AT&T's Smart City Solutions: Q&A with Reed Pangborn

Sat, 2013-05-04 13:38 -- Jesse Berst

Reed Pangborn is AT&T's area vice president for government, education and medical. In that role, he is responsible for helping cities "mobilize" their applications. An active runner, hiker and skier, he is a happy resident of Phoenix, where it is easy to have an outdoor lifestyle.

Reed grew up in the Seattle area but moved to Southern California to get his undergraduate degree from Claremont McKenna College in government and psychology -- good preparation, as it turned out, for the career that followed. His first foray into telecommunications was with McCaw Cellular. When McCaw was sold to AT&T in 1994, he joined AT&T where he has steadily risen.

As I talked with Reed about the smart cities market and AT&T's plans, I was struck by several of the points he made:

  • The smart cities market has two main thrusts – one about increasing employee productivity and one about increasing citizen engagement.
  • Industry has the responsibility not just to enable new applications, but also to extend the life and value of legacy applications.
  • Some cities are making the mistake of building isolated, siloed applications on a department-by-department basis. Instead, they should first seek to create an enterprise platform, then build individual applications on top.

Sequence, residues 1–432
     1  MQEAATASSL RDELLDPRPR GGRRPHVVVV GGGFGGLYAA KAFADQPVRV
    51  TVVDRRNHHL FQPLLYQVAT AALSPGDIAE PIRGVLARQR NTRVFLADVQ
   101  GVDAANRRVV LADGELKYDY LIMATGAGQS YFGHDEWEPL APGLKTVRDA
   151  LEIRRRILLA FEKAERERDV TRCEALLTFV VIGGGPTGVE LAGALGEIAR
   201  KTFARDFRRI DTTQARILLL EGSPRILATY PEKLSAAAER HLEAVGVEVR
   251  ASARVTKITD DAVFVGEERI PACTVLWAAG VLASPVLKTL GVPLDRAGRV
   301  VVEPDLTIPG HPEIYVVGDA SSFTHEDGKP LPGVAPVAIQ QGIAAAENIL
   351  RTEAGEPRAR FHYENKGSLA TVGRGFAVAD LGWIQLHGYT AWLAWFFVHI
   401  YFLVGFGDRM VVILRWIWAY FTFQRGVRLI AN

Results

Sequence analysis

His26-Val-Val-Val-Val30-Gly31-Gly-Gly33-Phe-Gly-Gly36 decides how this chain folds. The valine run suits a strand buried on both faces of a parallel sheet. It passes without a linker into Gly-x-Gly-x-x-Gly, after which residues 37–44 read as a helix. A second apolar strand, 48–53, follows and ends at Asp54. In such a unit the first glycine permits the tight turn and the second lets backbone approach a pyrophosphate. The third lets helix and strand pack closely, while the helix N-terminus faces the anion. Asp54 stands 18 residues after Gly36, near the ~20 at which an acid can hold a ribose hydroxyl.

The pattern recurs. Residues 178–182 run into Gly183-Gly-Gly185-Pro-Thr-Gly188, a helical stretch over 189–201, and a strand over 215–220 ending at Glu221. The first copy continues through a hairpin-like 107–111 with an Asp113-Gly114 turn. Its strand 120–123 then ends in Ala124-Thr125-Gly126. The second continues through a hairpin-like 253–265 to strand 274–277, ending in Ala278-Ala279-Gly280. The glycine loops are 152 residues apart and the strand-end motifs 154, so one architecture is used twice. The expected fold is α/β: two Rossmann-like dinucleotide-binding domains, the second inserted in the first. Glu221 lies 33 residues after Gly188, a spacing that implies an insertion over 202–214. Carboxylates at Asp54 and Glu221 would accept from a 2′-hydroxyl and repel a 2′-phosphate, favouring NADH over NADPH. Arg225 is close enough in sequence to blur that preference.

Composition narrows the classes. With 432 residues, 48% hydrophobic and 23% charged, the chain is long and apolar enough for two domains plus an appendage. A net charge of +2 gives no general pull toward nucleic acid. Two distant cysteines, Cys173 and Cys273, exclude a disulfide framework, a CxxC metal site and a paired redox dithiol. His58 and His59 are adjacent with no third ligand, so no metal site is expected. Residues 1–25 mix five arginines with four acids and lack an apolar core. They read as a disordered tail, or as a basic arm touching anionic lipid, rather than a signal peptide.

You'll find the full Q&A below. You might also want to review AT&T's information-packed policy guide for cities that want to jumpstart mobility initiatives.

 - Jesse Berst, May 2013

Why the increasing attention to smart cities?

There are multiple factors. For one, cities have reduced budgets, requiring them to become more efficient. A mobile enablement strategy becomes a platform to enable employee productivity. Cities can cut costs by creating "smart" workplaces and by enabling telecommuting. Fleet management is one great example. You now have the ability to track the vehicle, optimize the route and conserve fuel. It's terrific for public works crews and first responders.

For another, cities face big challenges – energy efficiency, water conservation, traffic congestion. Wireless technology is key to solving these issues.

 For another, citizens have new demands – they want information from city government anytime, anywhere, on any device. You can't pick up a newspaper without reading about the Apple App Store or about a new Samsung device – mobile technology is prevalent in every aspect of our life now. In that same fashion, mobile technology is transforming government and how it delivers services to citizens.

The number one driver is enhanced citizen experience in quicker access to services. The next biggest driver is efficiency and taxpayer value.

What stands in the way of rapid adoption of smart cities technologies?

One challenge is doing solutions in a silo and failing to use overall IT governance. When we recently surveyed local governments, only 10% had an enterprise mobile strategy. Another 35% have one in development. In fairness to departments, if the city doesn't have a strong IT leader, the departments understandably don't want to wait to start making improvements. But if you fail to have an enterprise strategy, it costs a lot to fix it later.

Another challenge is budget and staffing. And when it comes to those funding issues, it is our job in industry to demonstrate the value.

Do we have a lot more to invent? Or do we have the technology building blocks in place already?